A nice bookend to Democratic messaging on Florida, which holds that there’s nothing suspicious going on despite a history of lawbreaking by Broward County election officials and now the involvement of federal prosecutors in examining altered election documents. No matter how much smoke there is, rest assured there’s no fire.

Georgia, though? Ablaze. All the 2020 Democratic hopefuls seem to think so, coincidentally. There’s Sherrod Brown…

…and Cory Booker

Booker, who was not up for reelection this year but is a potential presidential candidate in 2020, noted that he was commenting “from a perspective where I have not been in the weeds,” but he said, based on what he’s seen, he is convinced that Abrams isn’t getting a fair shot.

I think that Stacey Abrams’s election is being stolen from her, using what I think are insidious measures to disenfranchise certain groups of people,” said Booker.

…and, uh, Hillary Clinton.

Hillary Clinton said Tuesday that Democrat Stacey Abrams should have already won the Georgia’s gubernatorial race, which is locked in an ongoing vote count.

“If she had a fair election, she already would have won,” Mrs. Clinton said, according to The Statesman.

The Free Beacon has a long memory and remembers Brown’s response to Trump after the 2016 election, when POTUS started fantasizing about millions of illegal voters having cost him the popular vote: “Your choice to spread false conspiracy theories and to claim millions of fraudulent votes is not only unbecoming of a gracious winner, it is downright dangerous to our democracy… Peddling this nonsense and stoking these fears undermine our system of government –and your own election, damaging the public’s faith in our democracy.” Damaging the public’s faith in democracy is the new hotness in 2018, though, with Georgia the ripest opportunity for lefties. Not only was GOP Gov.-elect Brian Kemp the Georgia secretary of state, placing him in charge of elections, but Democratic challenger Stacey Abrams was the first black woman ever nominated for governor by a major party. Claiming that Kemp stole the election from a rising party star who’s a member of not one but two core Democratic groups is an unusually efficient way to ingratiate oneself to angry national primary voters.

Problem is, wrote Michael Warren a few weeks ago, the evidence of “voter purges” supposedly instigated by Kemp is thin.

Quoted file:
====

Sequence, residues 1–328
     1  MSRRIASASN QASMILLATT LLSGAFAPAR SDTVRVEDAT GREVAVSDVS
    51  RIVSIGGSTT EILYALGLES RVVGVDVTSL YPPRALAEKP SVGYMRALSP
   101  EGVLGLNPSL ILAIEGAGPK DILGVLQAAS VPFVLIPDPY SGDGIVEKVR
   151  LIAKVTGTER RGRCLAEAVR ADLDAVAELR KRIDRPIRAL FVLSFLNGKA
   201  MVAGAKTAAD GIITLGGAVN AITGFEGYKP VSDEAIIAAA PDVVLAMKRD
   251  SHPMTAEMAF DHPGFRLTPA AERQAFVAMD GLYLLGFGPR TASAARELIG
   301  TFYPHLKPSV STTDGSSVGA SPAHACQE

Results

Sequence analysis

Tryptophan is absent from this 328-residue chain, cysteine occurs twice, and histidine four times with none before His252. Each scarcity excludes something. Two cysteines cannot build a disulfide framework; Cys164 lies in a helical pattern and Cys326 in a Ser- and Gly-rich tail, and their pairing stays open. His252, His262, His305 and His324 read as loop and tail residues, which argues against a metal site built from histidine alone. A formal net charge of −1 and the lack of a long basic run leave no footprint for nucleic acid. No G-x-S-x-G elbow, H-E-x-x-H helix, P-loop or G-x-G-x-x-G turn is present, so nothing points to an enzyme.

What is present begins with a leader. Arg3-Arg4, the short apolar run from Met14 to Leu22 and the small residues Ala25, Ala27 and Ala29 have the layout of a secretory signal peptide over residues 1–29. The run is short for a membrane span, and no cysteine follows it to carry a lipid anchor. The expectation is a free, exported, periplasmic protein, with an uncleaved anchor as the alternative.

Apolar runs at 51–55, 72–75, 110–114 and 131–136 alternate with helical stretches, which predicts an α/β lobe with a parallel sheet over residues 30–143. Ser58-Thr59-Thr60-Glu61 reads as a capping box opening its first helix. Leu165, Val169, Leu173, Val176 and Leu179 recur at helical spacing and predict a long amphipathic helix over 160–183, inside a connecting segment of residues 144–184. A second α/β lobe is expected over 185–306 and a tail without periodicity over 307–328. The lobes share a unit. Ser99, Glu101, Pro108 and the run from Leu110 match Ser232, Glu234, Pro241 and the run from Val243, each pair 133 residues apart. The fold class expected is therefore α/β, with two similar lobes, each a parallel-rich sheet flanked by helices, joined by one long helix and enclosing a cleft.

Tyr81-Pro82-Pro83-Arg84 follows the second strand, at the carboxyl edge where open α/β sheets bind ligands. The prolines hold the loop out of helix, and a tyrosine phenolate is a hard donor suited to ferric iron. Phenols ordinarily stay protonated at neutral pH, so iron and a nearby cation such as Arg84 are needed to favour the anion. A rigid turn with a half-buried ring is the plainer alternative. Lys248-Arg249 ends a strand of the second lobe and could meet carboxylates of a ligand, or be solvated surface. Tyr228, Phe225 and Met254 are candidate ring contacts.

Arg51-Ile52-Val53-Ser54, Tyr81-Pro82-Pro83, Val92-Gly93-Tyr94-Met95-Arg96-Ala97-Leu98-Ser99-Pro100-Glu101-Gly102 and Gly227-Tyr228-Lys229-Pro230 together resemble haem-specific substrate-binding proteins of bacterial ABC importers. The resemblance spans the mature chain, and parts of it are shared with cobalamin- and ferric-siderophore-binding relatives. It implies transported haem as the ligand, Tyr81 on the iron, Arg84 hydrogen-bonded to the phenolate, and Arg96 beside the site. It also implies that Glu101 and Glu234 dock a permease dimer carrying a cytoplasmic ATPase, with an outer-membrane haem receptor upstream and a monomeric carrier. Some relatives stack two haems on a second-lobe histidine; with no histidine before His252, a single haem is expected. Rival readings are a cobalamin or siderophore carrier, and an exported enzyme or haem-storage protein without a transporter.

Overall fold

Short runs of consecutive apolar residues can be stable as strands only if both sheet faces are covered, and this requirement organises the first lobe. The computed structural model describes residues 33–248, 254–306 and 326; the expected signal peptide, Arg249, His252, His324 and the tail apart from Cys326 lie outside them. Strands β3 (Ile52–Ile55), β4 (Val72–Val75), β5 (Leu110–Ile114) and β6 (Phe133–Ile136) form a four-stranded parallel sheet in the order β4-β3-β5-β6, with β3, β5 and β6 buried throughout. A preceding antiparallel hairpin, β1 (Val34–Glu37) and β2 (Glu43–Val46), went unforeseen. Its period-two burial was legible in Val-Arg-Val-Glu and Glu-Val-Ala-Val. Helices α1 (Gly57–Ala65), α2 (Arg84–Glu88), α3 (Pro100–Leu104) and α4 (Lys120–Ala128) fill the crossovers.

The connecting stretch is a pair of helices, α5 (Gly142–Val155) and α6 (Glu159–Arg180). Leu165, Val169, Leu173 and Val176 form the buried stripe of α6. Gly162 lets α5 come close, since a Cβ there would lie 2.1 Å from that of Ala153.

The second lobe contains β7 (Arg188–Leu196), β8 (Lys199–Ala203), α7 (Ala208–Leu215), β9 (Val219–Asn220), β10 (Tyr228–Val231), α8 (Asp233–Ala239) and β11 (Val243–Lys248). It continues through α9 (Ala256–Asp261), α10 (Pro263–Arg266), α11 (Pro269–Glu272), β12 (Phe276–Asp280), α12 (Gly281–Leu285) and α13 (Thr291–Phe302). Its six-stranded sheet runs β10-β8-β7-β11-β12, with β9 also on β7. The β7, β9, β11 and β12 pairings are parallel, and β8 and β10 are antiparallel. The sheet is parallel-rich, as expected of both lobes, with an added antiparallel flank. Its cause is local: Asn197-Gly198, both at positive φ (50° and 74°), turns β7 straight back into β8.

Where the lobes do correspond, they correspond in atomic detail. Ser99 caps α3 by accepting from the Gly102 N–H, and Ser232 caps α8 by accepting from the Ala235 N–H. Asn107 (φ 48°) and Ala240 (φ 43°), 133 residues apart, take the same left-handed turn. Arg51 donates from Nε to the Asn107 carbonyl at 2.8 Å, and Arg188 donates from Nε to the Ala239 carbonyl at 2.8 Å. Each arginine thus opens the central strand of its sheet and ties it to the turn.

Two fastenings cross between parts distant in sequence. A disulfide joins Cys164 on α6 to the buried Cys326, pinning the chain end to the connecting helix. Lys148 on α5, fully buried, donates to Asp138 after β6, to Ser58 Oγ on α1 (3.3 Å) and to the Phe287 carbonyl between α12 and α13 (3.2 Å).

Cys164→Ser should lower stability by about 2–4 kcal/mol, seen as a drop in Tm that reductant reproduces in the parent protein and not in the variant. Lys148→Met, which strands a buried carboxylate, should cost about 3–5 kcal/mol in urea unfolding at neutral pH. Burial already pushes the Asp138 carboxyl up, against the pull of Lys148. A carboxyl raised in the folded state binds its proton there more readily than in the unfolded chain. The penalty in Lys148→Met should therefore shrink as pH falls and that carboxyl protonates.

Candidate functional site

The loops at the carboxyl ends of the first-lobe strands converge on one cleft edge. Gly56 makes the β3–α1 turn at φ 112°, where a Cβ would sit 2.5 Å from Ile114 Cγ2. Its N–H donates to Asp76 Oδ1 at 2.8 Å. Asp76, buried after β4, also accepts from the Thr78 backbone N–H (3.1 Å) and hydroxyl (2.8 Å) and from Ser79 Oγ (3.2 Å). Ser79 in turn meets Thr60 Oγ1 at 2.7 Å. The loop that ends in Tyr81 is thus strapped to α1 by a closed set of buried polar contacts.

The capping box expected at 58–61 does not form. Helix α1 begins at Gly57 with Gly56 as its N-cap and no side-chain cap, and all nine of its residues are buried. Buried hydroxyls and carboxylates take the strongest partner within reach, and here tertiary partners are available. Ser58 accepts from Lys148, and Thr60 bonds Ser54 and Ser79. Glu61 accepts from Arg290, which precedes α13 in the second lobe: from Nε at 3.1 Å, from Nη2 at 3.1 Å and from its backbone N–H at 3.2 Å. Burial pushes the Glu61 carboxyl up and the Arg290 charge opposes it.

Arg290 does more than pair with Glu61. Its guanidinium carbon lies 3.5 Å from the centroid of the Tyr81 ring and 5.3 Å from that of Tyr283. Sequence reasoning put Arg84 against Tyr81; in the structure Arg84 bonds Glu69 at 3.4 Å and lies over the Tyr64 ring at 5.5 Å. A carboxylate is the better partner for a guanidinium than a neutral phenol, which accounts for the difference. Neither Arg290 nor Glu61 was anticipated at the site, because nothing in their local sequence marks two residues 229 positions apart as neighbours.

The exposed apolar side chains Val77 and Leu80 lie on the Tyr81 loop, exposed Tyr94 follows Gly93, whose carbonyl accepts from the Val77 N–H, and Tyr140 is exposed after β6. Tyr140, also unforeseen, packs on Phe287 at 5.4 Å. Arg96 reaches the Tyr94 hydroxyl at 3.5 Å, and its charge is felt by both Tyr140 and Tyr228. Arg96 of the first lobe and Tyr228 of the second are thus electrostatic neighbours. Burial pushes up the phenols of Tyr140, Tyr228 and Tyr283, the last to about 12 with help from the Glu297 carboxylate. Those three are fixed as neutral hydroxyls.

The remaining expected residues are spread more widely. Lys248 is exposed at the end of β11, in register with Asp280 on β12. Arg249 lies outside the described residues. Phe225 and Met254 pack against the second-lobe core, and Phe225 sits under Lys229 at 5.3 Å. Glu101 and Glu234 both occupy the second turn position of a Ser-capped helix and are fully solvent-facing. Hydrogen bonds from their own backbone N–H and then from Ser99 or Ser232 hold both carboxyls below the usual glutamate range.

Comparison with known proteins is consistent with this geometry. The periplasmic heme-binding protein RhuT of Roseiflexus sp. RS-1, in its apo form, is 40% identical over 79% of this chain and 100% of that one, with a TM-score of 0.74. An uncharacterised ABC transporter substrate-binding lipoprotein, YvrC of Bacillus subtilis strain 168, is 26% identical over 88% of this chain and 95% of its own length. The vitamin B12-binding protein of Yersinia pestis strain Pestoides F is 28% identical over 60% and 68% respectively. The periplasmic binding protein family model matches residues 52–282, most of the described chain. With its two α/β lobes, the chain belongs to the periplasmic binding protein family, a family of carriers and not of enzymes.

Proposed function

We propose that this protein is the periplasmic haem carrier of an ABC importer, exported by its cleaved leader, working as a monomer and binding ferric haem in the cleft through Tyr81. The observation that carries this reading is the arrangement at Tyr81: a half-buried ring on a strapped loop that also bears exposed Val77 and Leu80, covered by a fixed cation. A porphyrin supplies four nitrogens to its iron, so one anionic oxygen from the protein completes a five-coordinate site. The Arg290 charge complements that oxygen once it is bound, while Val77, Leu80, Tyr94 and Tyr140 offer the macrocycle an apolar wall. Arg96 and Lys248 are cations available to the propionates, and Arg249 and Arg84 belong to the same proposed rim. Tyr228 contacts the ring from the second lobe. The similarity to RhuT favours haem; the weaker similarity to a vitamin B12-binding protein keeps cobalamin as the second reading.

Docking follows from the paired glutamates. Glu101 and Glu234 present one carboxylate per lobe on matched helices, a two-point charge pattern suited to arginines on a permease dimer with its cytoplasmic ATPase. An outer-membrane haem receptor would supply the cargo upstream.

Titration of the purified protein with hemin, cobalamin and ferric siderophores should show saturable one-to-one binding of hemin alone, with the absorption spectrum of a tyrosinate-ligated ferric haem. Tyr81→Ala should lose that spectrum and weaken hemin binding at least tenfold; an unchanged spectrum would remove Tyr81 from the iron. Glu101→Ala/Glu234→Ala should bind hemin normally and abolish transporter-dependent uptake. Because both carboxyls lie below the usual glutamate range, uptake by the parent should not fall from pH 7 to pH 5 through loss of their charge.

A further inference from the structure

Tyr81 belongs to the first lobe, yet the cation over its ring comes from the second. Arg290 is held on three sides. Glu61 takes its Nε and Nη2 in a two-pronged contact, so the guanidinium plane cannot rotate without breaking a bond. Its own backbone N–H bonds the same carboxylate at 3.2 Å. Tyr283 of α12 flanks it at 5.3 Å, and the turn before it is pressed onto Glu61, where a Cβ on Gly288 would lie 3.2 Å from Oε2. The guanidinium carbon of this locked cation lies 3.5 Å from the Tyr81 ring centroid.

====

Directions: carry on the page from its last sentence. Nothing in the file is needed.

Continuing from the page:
That tool is the “use it or lose it” law, and Georgia is one of nine states to have adopted such a law since Congress passed the National Voter Registration Act in 1993. Here’s how it works: If a registered voter does not vote in any election in Georgia for three consecutive years, he is considered to be inactive. This is a designation that’s required by the 1993 National Voter Registration Act before a state can revoke a voter’s registration. The voter is notified via a prepaid return postcard that he is inactive and can become active again in three ways: by voting again, by returning the notice, or by otherwise making contact with local elections officials. The inactive voter has an additional four years (or two federal election cycles) to reactivate his registration. The entire process takes seven consecutive years and doesn’t require a registered voter to vote at all—only make some form of contact renewing the registration.

In June of this year, the Supreme Court overruled a lower court opinion on a similar law in Ohio and found such procedures are not unconstitutional. Justice Samuel Alito, writing the majority opinion, argued that federal law prohibits failure to vote as the “sole criterion” for revoking a registration. But Ohio’s “use it or lose it” law, like Georgia’s, includes the return notice process, which the majority concluded was fully in line with federal law. All of which is to say that the “purges” attributed to Kemp are in keeping with state and federal law, passed by duly elected representatives.

That’s another reason for Democrats to insist that the election was stolen by Kemp, however disingenuously. The more attention they call to Georgia, the more momentum they might generate in that state and others to repeal “use it or lose it” laws. “It’s too hard to vote” is an abstract complaint, unlikely to move people to change the process quickly. “The Republicans stole Georgia” is more concrete and nefarious. And if you can take perfectly mundane things that Kemp has said and distort them to make it sound like he was trying to suppress voting in service to the cause, so much the better.

One more note on this race, from RCP’s poll of polls:

Apart from that one extreme 12-point outlier at the very end of the race, poll after poll predicted the outcome almost exactly. It was tight but Kemp led pretty consistently by two points or so. Final result on election night: Kemp by 1.5. That doesn’t disprove chicanery, obviously, but the case for believing that Abrams had lost votes for sinister reasons would be strengthened if there were an obvious mismatch between what Georgians were telling pollsters and how the vote shook out. There wasn’t. It lined up.

One ominous takeaway from all this: No matter which side loses the 2020 election, anything but a landslide will result in endless shrieking about cheating and stealing and the system being rigged. Whoever wins had better do so very comfortably, outside the margin of vaguely plausible conspiracy theories.